The ailing ex-president of Egypt, Hosni Mubarak, was wheeled in a hospital bed into a courtroom cage to stand trial for allegedly ordering the killing of protesters calling for his resignation.
Inside the courtroom, a police academy which once carried the name of ousted dictator, the judge, Ahmed Rifaat, read the formal charges against Mubarak. Mubarak swiftly denied the accusations from his bed and handed the microphone to his son, Gamal, who is also facing charges.
The other defendants in the case are Mubarak’s two sons, Gamal and Alaa, former Interior Minister Habib el-Adly and six other senior police officers. If convicted, the 83-year-old Mubarak will face the death penalty.
The trial, which is public and was widely broadcast across Egypt. Both Mubarak's opponents and supporters watched the trial proceedings on a big screen outside of the courtroom.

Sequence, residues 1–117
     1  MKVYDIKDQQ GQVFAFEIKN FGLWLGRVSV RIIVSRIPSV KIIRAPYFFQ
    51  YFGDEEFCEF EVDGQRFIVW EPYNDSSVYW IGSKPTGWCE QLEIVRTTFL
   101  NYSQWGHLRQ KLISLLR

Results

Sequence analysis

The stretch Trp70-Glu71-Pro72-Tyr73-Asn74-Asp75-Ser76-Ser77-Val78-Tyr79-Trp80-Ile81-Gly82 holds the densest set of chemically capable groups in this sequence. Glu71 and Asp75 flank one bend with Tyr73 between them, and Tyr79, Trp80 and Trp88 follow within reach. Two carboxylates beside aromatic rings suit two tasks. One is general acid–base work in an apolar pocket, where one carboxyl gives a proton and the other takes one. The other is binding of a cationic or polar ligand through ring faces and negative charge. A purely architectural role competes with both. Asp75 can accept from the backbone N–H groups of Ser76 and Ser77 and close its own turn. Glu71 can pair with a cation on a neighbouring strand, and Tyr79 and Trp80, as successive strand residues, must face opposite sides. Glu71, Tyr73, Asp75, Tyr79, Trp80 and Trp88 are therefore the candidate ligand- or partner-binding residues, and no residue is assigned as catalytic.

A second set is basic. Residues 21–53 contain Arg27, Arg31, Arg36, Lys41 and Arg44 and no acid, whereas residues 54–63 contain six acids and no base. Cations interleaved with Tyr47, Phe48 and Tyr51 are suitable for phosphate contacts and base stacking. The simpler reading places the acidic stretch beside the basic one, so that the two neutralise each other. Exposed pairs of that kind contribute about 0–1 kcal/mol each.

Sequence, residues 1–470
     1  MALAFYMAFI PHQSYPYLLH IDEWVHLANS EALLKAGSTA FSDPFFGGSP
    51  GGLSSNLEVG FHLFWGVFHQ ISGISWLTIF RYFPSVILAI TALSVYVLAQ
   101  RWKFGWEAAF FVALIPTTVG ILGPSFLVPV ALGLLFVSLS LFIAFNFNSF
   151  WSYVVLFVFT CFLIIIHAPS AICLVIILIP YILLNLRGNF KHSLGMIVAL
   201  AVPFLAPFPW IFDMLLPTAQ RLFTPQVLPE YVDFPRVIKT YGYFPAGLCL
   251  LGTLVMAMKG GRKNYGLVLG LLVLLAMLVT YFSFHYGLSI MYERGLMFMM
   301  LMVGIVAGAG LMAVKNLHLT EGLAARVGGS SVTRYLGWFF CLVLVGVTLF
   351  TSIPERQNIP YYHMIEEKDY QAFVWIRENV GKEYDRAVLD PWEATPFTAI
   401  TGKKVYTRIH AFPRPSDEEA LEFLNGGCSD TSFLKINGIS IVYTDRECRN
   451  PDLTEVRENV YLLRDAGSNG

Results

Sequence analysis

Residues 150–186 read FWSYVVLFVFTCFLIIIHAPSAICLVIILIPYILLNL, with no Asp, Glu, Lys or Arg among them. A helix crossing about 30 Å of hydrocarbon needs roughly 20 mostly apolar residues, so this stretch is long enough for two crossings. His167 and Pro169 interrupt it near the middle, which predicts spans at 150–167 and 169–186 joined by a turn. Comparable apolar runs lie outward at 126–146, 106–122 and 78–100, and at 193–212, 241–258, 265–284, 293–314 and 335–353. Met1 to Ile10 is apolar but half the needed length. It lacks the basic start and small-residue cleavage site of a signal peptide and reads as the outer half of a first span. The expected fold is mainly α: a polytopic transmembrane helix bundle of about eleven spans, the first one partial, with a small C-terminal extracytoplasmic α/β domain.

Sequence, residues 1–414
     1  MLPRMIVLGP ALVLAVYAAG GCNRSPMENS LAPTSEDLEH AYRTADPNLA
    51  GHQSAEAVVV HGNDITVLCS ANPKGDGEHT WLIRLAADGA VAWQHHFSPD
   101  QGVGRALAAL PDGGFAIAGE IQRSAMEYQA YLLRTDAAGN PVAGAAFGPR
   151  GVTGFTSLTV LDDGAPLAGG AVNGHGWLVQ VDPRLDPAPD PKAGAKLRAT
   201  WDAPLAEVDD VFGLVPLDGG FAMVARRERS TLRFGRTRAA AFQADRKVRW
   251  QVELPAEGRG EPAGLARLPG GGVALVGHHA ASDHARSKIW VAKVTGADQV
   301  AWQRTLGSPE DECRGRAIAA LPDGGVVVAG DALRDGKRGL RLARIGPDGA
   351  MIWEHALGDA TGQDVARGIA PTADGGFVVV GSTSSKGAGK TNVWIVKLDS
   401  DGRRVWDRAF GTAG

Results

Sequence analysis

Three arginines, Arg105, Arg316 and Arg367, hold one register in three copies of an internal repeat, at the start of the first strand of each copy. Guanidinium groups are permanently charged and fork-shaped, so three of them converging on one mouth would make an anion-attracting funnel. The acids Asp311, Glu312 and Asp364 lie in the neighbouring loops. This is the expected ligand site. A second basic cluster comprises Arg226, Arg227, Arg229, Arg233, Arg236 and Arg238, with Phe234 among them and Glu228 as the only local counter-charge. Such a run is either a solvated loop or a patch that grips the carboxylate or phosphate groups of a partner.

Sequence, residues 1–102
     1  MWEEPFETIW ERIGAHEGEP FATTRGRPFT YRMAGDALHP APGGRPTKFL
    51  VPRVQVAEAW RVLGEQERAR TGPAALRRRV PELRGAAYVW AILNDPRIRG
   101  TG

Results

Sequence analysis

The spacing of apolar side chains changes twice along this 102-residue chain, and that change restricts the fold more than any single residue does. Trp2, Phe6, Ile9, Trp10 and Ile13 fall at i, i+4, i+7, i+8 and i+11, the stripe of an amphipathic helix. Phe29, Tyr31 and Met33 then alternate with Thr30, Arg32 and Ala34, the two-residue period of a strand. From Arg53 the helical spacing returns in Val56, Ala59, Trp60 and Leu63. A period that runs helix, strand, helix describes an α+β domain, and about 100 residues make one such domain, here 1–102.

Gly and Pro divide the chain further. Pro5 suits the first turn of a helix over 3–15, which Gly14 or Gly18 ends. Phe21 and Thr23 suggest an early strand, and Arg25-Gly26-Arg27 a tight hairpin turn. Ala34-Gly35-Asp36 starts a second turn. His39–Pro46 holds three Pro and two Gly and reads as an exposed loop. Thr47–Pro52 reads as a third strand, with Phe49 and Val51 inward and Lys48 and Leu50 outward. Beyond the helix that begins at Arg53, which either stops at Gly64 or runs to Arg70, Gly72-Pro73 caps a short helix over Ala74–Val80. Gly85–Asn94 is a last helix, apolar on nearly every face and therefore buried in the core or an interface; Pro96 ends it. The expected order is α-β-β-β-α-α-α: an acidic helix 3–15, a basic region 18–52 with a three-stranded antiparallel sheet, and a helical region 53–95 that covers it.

"Thirty years of corruption, at least we can see justice is taking place," said a woman who did not want to be named, in a CNN report. "I don't know how Mubarak sleeps, when he was responsible for 80 million people and he did not do his job."
Mubarak's trial is a milestone for the Egyptian people who took to Cairo's Tahrir Square in February calling for the resignation of the president. The Egyptian protests were part of the "Arab Spring" uprisings across North Africa and the Middle East. Other countries affected by the mass demonstrations for increased democracy include Tunisia, Libya, Yemen, Syria and Morocco.